A LIQ­UID NOSE JOB AT LUNCH – AND NO ONE NEED KNOW

Life & Style Weekend - - YOU/WELLBEING - – news.com.au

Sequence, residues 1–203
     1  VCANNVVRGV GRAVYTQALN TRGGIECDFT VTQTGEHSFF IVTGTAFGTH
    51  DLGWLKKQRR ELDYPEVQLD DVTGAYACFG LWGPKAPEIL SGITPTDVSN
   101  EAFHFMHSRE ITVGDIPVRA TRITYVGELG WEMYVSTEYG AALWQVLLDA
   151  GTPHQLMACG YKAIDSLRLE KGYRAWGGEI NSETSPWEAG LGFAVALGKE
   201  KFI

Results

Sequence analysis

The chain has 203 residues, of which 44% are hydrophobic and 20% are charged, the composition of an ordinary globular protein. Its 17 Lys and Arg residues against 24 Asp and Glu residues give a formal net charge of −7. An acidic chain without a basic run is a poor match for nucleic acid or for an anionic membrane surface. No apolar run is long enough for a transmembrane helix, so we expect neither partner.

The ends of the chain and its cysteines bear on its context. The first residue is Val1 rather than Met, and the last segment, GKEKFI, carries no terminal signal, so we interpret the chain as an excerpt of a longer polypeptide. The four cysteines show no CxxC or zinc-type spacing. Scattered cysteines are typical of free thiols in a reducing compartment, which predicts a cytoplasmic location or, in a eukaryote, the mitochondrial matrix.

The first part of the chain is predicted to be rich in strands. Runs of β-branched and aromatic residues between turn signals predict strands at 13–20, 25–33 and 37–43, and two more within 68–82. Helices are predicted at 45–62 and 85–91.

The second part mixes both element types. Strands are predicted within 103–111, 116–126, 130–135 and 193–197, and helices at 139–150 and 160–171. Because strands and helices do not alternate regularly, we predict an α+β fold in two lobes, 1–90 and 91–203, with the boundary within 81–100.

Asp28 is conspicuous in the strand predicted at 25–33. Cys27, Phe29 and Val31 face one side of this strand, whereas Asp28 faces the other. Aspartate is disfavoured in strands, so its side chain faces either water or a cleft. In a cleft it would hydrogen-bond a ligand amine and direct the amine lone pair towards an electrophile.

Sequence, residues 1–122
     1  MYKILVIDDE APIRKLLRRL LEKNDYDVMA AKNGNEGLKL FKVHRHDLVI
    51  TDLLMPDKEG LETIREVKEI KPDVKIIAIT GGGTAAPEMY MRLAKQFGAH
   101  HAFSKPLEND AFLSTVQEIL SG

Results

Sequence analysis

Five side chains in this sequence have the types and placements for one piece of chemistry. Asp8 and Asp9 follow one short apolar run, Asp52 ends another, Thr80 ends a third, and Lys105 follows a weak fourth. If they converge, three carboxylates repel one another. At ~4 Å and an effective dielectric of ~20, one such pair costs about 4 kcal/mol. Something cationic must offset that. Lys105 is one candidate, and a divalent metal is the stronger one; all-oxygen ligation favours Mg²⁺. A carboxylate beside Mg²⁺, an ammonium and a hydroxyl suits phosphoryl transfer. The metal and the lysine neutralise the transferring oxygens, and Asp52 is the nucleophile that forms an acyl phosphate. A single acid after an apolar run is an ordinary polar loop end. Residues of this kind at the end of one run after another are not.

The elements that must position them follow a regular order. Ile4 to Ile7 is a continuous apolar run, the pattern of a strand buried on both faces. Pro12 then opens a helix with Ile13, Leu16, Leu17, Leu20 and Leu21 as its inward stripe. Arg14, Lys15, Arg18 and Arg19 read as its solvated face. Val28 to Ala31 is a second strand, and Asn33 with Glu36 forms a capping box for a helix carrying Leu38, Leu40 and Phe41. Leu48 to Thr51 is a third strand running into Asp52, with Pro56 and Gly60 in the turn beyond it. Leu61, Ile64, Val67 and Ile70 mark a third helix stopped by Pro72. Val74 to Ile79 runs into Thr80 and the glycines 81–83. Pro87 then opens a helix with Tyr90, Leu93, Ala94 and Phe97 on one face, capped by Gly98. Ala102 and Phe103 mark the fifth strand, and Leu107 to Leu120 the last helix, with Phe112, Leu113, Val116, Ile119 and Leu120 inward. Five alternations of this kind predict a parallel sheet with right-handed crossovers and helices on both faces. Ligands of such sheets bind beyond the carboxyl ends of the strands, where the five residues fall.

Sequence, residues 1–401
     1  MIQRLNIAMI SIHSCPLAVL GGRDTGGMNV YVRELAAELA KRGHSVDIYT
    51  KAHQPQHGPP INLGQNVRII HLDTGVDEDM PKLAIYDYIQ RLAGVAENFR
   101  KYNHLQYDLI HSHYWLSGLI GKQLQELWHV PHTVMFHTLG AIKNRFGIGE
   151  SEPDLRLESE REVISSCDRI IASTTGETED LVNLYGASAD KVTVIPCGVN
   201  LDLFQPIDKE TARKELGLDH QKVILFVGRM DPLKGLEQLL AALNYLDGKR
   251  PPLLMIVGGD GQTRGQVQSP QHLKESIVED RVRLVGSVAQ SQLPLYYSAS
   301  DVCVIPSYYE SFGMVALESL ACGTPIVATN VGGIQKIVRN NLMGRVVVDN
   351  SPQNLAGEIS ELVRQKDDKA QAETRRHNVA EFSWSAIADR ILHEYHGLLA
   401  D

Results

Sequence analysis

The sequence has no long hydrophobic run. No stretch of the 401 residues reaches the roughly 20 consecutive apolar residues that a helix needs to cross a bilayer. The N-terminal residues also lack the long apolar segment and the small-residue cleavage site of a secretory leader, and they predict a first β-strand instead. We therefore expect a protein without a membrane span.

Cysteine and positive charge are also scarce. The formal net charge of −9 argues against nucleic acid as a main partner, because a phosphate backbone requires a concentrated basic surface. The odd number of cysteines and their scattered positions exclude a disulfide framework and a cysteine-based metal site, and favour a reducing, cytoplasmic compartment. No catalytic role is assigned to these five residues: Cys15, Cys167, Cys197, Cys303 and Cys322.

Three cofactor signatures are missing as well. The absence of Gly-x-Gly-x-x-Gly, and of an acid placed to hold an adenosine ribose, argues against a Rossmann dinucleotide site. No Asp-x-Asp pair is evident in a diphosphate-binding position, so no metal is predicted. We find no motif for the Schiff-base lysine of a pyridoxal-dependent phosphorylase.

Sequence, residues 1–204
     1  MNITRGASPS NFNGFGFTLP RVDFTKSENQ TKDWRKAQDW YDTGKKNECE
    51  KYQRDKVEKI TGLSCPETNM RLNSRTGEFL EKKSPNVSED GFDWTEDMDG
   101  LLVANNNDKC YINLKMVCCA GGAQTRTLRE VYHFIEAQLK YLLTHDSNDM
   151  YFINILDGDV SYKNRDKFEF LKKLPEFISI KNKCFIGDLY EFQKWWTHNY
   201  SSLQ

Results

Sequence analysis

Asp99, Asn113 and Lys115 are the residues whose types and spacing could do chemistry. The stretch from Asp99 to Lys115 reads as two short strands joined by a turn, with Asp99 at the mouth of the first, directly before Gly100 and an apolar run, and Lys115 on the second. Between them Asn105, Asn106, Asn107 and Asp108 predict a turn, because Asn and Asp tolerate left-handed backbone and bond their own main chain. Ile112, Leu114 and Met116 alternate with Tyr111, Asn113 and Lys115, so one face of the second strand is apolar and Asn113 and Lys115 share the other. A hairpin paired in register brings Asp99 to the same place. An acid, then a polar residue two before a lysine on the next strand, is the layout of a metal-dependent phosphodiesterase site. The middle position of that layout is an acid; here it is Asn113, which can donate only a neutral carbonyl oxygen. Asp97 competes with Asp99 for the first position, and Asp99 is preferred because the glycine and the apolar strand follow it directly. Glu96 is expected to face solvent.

It’s noth­ing new – in fact, a non-sur­gi­cal nose job has been around for the bet­ter part of 10 years, but through prod­uct ad­vance­ment and so­cial me­dia, it has be­come a sought-af­ter cos­metic pro­ce­dure. De­pend­ing on the aes­thetic physi­cian, open rhino­plasty – or sim­ply nose filler – in­volves in­ject­ing one or three types of der­mal filler (all con­tain­ing hyaluronic acid) into a hooked nose, tak­ing no more than 15 min­utes. The con­ve­nience and re­sults of the “liq­uid nose job” are at­tract­ing more and more Aus­tralians, which is ul­ti­mately a sculpt­ing ex­er­cise to cor­rect or soften a bump through lift­ing and con­tour­ing the nose. “It’s a quick and more af­ford­able al­ter­na­tive to your tra­di­tional sur­gi­cal nose job,” Dr Joseph Hkeik said. In the past two years, Dr Hkeik has seen his clien­tele dou­ble, with this one of the most pop­u­lar pro­ce­dures across his four Syd­ney-based All Saints clin­ics. It comes af­ter liq­uid facelifts and cheek aug­men­ta­tion. “It costs about $990 re­gard­less of how much filler we have to use and can last be­tween one to two years (de­pend­ing on what’s been done).” Dr Hkeik ex­plained the filler will “drop” with time, but af­ter a year can be tweaked. “You don’t have to take three weeks off work, there is barely any pain, bruis­ing or swelling – we put on med­i­cal make-up and no one has a clue what you’ve had done,” he said. With a rise in the use of aes­thet­ics in the face of so­cial me­dia and celebrity in­flu­ence, “lunch­break” treat­ments are be­com­ing com­mon but Dr Hkeik warns the pro­ce­dure isn’t to be taken lightly. Al­though it is a straight­for­ward process, it is a high-risk zone and not for begin­ners. He means be­cause of the pro­ce­dure’s in­creas­ing pop­u­lar­ity, peo­ple need to be aware of in­jec­tors’ qual­i­fi­ca­tions and the plethora of un­trained prac­ti­tion­ers. “Don’t use so­cial me­dia to check cre­den­tials. It is not a place to see if peo­ple are good or not,” Dr Hkeik said. He ex­plained im­ages on so­cial me­dia shouldn’t be used as a com­plete guide, as some ma­nip­u­late them (pho­to­shop them) to give a false in­di­ca­tion. “Go to their web­site, call the prac­tice, find out about the doc­tor – have a con­ver­sa­tion with the clinic. And not beauty salons,” he said.

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